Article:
Indian Real Estate sector welcomes GST
July 17th, 2017
Real estate sector plays a significant role in contributing to our economy. In fact, it is the second largest employment provider after agriculture, contributing 5 to 6 % to GDP on an average. The real estate sector is also key in augmenting demand for more than 250 ancillary industries. Over the last couple of years, the Government has introduced several forward-looking reforms that will not only boost the economy but also the real estate sector in the long run. And continuing these efforts, the Government has introduced the most historic reform of Goods and Services Tax (GST) that paves way for uniform taxation. The Act is expected to revolutionize the way businesses operate in India. It will certainly ensure ease of doing business and a smoother taxation mechanism. It will further boost the buyer confidence and improve the transparency in the realty sector.
So, what does it mean for home buyers? Currently, there are multiple taxes levied on a homebuyer, including VAT and Service Tax. With GST, a uniform tax rate of 18% will be applicable on the purchase of an under-construction home, eliminating several layers of state taxes that can translate into double taxation. Also, the effective tax will translate into only 12%, as the developers will now be able to avail input tax credit. These credits will not only help reduce construction costs but will also translate into better margins for the developers. Further, the developers are advised by the Government to pass on the benefits to homebuyers. In fact, an anti- profiteering clause in GST law has been included to ensure this. This will help raise consumer sentiments.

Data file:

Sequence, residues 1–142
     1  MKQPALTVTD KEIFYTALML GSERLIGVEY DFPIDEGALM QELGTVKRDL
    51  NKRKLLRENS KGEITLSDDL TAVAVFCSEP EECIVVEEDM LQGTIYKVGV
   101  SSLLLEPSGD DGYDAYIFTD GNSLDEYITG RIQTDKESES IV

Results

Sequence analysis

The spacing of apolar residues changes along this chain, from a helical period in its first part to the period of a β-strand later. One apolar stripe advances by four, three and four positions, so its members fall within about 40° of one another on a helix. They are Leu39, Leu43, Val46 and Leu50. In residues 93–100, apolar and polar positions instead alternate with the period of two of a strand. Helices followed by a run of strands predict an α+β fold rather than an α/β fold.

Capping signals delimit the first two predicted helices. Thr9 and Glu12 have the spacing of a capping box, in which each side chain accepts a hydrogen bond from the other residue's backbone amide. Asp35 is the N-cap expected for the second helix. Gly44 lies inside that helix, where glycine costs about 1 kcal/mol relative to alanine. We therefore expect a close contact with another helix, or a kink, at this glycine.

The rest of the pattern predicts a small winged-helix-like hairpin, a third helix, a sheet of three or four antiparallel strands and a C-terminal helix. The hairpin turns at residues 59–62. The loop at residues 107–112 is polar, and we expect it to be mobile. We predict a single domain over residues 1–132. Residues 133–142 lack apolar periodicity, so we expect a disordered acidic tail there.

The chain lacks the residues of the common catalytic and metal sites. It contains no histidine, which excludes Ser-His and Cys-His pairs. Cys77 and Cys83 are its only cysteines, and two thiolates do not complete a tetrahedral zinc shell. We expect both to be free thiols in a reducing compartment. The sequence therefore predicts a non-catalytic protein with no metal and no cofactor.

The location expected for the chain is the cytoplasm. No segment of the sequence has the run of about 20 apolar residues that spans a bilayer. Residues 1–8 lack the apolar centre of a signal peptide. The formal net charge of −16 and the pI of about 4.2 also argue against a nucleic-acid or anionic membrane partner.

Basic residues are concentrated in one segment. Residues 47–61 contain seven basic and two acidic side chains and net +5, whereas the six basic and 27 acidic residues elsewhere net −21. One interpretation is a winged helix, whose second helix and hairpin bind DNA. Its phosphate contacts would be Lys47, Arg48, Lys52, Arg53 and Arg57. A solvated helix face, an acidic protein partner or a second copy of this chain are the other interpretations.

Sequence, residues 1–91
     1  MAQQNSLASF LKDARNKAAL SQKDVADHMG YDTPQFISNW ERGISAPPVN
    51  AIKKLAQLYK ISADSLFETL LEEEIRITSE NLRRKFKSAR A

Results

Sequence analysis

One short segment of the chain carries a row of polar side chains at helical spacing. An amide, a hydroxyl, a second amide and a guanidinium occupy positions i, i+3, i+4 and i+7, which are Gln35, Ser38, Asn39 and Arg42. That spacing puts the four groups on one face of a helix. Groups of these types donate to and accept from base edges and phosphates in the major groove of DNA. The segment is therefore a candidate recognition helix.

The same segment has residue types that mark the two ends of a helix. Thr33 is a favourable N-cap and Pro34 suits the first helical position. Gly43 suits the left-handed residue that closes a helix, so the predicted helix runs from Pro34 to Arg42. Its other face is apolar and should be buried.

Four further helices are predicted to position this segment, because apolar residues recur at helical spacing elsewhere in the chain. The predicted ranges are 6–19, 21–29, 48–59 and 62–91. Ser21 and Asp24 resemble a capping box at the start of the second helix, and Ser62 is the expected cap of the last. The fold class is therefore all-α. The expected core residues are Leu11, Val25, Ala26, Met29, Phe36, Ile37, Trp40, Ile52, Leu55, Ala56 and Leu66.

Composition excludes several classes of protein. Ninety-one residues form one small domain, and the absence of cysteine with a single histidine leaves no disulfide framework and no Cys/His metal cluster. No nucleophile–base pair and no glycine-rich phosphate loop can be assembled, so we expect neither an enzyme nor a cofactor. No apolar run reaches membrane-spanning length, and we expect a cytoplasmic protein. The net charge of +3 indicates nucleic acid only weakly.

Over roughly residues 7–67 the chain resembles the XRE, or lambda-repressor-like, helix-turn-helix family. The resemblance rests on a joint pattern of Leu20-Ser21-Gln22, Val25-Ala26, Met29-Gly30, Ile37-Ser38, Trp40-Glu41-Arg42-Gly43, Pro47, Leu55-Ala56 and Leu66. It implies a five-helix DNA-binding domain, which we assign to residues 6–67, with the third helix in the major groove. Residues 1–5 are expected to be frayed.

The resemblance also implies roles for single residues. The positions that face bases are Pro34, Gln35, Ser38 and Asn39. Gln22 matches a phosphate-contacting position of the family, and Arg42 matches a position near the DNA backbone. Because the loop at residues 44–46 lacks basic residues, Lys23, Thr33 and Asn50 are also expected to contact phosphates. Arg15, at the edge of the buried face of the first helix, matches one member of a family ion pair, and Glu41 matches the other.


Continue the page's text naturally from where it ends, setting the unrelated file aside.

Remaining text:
While taking care of homebuyers’ interests, GST also ensures several benefits to developers. One of them is easing the process of sourcing raw materials as well as the logistics. Since the inputs credits can be availed only on purchase from GST registered vendors, tax compliance will improve. However, there are restrictions on availing these credits in case of work contracts for commercial or retail projects. Furthermore, pure labour contracts for construction, erection, commissioning, installation, completion, fitting out, repair, maintenance, renovation, or alteration of a civil structure or any other original works for affordable housing projects are excluded under the GST regime.
In the long run, GST will offer a level playing field for the organized players in the sector and ease out inefficiencies in the supply chain. This, in turn, will enable optimal capital management and improved pricing control by the stakeholders across the value chain.
However, there are certain aspects that still need Government’s attention to bring down the property prices and augment housing demand. One such aspect is the stamp duty; it varies from 5-12% in India and is an extra transaction cost. Besides this, the sector is expected to face several short-term challenges of transitioning to the new regime. While there are several reports of prices coming down post GST, it is going to be determined by individual markets based on construction and other services’ cost. For instance, markets such as Mumbai or Delhi, where the prices are high, it will be difficult. In fact, there could be initial increment in the prices. The market where the costs range between construction cost and other services ranges between INR2500 to 3200, the developers are likely to pass on some benefits to the consumers.
GST will also aid the Government’s current schemes by helping work its way towards the ambitious ‘Housing for All’ project. The incentives formulated to benefit both the developers and buyers will make the home buying process hassle free, and also boost the realty sector. Together, Real Estate (Regulation and Development) and GST will help improve the perception of the sector, increase transparency, and enhance buyer confidence.